Lottery, which offers people the chance to win a prize for a small amount of consideration (usually money), has a long history. It was used in the Low Countries, for example, to raise funds to build town fortifications and help the poor, from at least the fifteenth century. Once states took control of the lottery, though, they could authorize games as they wished in order to help specific institutions raise money.
Cohen argues that, during the immediate post-World War II period, lottery profits enabled states to expand their services without incurring especially onerous taxes on middle and working class residents; but as inflation and the cost of the Vietnam War rose in the nineteen-sixties, that arrangement began to unravel. It was only a matter of time, he writes, before the lottery’s growth in revenue stalled and state governments faced the choice of raising taxes or cutting services.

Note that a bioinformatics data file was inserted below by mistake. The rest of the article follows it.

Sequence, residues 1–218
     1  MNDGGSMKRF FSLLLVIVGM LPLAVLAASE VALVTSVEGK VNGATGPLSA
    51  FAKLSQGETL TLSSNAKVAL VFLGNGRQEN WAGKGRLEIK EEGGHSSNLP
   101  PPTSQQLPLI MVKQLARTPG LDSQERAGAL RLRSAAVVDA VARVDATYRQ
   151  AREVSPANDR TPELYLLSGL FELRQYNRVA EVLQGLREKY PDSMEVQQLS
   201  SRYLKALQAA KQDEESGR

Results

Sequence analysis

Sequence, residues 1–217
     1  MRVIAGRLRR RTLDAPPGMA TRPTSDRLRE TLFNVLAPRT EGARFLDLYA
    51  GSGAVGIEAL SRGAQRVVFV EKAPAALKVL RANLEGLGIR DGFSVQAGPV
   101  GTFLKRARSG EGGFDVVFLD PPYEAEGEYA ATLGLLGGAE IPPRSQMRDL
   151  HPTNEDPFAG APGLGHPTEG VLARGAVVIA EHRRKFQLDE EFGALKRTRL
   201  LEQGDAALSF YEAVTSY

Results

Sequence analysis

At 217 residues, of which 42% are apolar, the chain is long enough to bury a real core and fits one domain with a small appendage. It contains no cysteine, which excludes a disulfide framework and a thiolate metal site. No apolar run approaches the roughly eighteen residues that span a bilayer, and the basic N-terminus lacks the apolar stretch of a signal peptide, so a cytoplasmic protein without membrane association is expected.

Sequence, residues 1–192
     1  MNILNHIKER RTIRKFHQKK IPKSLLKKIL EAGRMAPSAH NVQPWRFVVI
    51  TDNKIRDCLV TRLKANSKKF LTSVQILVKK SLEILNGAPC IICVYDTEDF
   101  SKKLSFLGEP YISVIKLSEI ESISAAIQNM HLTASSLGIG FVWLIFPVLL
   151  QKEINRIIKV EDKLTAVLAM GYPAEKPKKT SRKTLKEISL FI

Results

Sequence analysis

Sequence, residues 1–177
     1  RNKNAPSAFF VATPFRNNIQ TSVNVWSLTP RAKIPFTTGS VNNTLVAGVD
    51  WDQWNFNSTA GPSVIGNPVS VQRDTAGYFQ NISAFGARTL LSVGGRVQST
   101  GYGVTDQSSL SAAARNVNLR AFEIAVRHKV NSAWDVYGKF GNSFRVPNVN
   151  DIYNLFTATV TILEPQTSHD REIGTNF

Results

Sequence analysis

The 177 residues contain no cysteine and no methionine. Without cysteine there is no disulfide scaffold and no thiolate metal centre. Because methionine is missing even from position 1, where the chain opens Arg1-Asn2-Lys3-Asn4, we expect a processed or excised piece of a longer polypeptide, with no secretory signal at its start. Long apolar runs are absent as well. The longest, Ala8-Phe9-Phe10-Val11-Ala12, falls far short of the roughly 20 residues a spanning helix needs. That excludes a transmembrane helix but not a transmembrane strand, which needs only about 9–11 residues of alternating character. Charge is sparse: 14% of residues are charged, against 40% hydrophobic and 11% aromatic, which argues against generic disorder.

In response, lottery commissions shifted their messages. Instead of focusing on the fact that winning the lottery can improve your life, they started arguing that even if you lose, you should feel good because you are doing your civic duty by buying a ticket. They also began to emphasize that the prize amounts were enormous, a message that obscures the regressivity of the game and makes it seem fun and wacky rather than serious gambling. A new generation of players has grown up with these messages, but they are flawed and dangerous.